Procrastination, Partying, and Pizza: The College experience.

What else is really expected of you at college?

Now if I read this statement a year ago as a hardworking bright-future-ahead-of-me high school senior I may have laughed at the overly used stereotype of college students.

Oh but the amount of truth this statement holds is actually astounding.

Going into college I had every intention to put my almost perfected art of procrastination aside and really buckle down. I mean come on, I was actually putting myself into years and years of debt to learn new things and better my life, time to get serious. Easier said than done.

Also, partying was never my thing in high school. It wasn’t so much that I didn’t like the aspect of going out with my peers and getting completely shitfaced. As a teenager, who really would pass up this opportunity? No, my reason for not being a partier was half my moral and religious obligation against it, half the lack of invitations to said parties. I mean I wasn’t a complete loser. I could have found my way to some if I tried. Trying to get invited to a party in high school didn’t seem like a time worthy activity to me though. Little get-togethers with close friends kept me occupied enough.

As for pizza, well, it’s not like that was a new found love of mine in high school. Everybody loves pizza. The reality of how big of a part of your daily diet depends on pizza in college may surprise you though.

First, my experiences with procrastination in just my first semester of college. Where to begin? Procrastination is like a drug. One that once addicted to it, you’re in for the long hull. It’s a long lazy road that no one should find themselves on, especially in a college institution. It started off slow at college. I missed a few journal entries, did them about 15 minutes before class. Easy enough to do and I still got great feedback from them. Then I realized that in college, no teacher is going to force you to do your homework or beg you to turn it in late. You are completely on your own in that department of responsibility. Well yeehaw! It looked like no homework for Danielle! This way of thinking caught up with me fast though. I started putting huge essays off until the night before. Not just the night before, but usually 1 a.m. of the night (well, morning) before. Even this didn’t get me to stop. I altogether started not doing my essays or take home quizzes and made up highly put together excuses the next day that my professors actually ate up. That’s what being a professional teacher’s pet and an exceedingly exceptional creative writing student for four plus years will get you.  I’d like to tell you that I’m going to be ending this section of my college experience with a big heartfelt lesson learned story, but I have yet to have one. Undoubtedly I will be procrastinating my way through semester two of my freshmen year, but I have learned my limits on what’s acceptable and what’s not.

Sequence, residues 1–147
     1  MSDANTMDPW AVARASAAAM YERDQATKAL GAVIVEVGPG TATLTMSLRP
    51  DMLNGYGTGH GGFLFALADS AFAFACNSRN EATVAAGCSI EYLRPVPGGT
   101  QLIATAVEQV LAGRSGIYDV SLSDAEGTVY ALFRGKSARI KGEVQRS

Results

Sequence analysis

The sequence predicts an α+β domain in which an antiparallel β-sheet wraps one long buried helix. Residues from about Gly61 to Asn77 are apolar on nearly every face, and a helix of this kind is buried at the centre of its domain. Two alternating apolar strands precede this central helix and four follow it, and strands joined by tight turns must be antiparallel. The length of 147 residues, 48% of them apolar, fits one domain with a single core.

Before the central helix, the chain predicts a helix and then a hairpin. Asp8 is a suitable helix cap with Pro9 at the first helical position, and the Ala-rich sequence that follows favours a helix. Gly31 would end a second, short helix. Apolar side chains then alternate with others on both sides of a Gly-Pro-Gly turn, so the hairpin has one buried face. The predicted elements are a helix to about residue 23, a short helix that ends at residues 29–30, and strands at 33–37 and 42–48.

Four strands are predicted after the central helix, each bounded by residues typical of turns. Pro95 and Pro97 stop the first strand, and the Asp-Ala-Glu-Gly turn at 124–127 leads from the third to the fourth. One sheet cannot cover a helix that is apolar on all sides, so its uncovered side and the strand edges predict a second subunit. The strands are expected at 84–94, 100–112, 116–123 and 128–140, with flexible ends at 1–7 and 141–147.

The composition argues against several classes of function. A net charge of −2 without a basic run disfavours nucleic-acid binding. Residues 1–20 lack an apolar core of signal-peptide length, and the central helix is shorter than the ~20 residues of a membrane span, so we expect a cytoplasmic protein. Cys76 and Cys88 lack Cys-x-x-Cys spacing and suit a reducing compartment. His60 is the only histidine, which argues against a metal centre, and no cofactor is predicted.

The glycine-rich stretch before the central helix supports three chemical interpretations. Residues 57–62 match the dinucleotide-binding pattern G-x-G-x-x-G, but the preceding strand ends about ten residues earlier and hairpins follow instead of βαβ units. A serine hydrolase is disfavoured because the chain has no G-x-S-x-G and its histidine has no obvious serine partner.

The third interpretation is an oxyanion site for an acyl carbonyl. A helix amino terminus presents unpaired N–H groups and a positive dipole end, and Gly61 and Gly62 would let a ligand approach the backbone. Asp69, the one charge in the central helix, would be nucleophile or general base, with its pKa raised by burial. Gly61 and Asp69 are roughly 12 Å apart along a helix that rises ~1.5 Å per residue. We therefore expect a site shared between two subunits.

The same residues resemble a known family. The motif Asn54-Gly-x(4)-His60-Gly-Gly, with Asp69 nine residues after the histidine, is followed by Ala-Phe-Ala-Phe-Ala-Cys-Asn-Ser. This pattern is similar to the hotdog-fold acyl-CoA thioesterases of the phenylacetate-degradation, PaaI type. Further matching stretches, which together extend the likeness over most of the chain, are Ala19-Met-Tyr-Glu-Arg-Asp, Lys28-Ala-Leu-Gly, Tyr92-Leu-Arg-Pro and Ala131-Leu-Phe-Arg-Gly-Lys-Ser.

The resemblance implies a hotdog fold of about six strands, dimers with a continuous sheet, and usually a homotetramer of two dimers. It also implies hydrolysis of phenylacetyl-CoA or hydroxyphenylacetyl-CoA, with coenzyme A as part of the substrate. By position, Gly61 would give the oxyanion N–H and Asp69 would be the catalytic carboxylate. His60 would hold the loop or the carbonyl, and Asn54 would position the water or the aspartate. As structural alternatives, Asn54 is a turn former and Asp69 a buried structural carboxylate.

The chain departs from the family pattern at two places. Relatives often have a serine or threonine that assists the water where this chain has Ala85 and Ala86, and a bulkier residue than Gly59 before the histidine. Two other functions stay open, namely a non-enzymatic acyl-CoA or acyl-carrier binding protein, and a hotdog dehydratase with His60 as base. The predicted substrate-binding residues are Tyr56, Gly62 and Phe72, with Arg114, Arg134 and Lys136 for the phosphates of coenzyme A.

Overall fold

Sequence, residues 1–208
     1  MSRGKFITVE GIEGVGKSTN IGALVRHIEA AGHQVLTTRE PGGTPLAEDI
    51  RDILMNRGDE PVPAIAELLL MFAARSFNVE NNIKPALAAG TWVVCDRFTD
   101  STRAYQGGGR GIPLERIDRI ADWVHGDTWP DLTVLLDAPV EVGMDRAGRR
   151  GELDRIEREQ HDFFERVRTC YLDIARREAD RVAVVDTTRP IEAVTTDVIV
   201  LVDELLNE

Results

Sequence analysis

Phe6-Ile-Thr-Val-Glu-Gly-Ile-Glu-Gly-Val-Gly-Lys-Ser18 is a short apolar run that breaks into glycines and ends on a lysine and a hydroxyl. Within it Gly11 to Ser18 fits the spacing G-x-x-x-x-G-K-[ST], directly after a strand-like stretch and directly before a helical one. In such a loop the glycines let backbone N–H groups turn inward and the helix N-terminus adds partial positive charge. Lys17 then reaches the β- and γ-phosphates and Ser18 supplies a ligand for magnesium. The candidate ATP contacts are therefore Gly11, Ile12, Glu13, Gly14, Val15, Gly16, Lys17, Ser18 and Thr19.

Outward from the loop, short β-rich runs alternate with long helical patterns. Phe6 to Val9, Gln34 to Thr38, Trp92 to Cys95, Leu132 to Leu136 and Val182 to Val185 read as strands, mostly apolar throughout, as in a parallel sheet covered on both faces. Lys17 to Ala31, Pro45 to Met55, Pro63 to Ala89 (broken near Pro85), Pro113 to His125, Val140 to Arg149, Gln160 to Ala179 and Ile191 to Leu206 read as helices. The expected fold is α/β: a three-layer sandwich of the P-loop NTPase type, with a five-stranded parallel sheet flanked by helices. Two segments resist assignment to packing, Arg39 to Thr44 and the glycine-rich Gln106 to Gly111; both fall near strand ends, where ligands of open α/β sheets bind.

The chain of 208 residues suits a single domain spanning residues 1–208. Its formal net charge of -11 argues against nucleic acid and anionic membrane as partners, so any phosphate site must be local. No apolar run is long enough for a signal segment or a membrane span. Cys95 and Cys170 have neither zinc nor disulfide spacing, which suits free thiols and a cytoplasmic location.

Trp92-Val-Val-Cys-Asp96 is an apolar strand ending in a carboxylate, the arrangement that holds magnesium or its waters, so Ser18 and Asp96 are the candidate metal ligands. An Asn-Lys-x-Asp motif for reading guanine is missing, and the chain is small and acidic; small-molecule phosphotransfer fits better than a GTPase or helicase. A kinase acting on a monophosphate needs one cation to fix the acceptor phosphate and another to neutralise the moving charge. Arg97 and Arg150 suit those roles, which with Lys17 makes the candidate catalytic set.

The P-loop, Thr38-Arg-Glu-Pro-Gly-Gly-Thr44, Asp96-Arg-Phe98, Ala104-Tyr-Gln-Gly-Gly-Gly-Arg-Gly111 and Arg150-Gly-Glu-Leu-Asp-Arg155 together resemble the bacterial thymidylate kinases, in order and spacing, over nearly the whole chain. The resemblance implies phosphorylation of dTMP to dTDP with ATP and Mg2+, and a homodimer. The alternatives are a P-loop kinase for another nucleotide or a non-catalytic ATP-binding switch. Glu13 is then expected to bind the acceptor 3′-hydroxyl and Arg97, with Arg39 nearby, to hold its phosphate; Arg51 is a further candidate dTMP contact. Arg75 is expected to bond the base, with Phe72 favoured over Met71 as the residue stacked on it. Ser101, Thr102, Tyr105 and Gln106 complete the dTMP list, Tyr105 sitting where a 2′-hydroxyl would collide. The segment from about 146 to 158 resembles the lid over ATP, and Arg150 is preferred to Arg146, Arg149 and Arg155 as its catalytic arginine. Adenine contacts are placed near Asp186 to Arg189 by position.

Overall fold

Second, partying. The words ‘college’ and ‘partying’ are practically interchangeable really. Who knew getting into frat parties on a college dry campus could be so darn easy? I sure didn’t. Until I met my two closest friends of the semester: Partygirl 1 and Partygirl 2. I only call them this because they opened up the world of partying to me. They didn’t only party at college, they were actually fairly serious about getting their education, perhaps more serious than I was (though Partygirl 2 did frequently make the joke that she was at college pursuing her mrs. Degree.) These girls taught me how to pregame, what to pregame with, how to insure that you’ll get into the party, how to keep your valuables hidden in scantily clad party outfits, how to get home safely, but most importantly, these girls taught me how to freaking party. Our weeks became slow countdowns till Friday and Saturday night parties. I must say the freshmen depression is easily fought with loud music and jungle juice. I can tell you that this section does end on a good note though, and I have learned my lesson with the limits of what I can consume in accordance to the stupid things I do when I’m drunk. No amount of fun is worth looking like a complete idiot the night before.

Finally, pizza. Unfortunately there’s no big exciting story with this one. College students just love pizza. Res hall food isn’t exactly the best, but there is a new type of pizza each day. The pizza choices are usually more appealing than whatever the main course of the day is. Not only is it a tasty and easy backup plan each day, but it also delivers. To dorm rooms. Greatest invention ever. The town I attend college in is especially great about this because they are famous for a little downtown pizza joint that delivers for free to anywhere on campus. They don’t only sell authentic pizza pies, but they are famous for their ‘ronzas’ which are like miniature calzones that can cater to any personality. Hooray for the freshmen fifteen.

And this, my friends, is college. Stereotypically true in most aspects. At least from my experience thus far.

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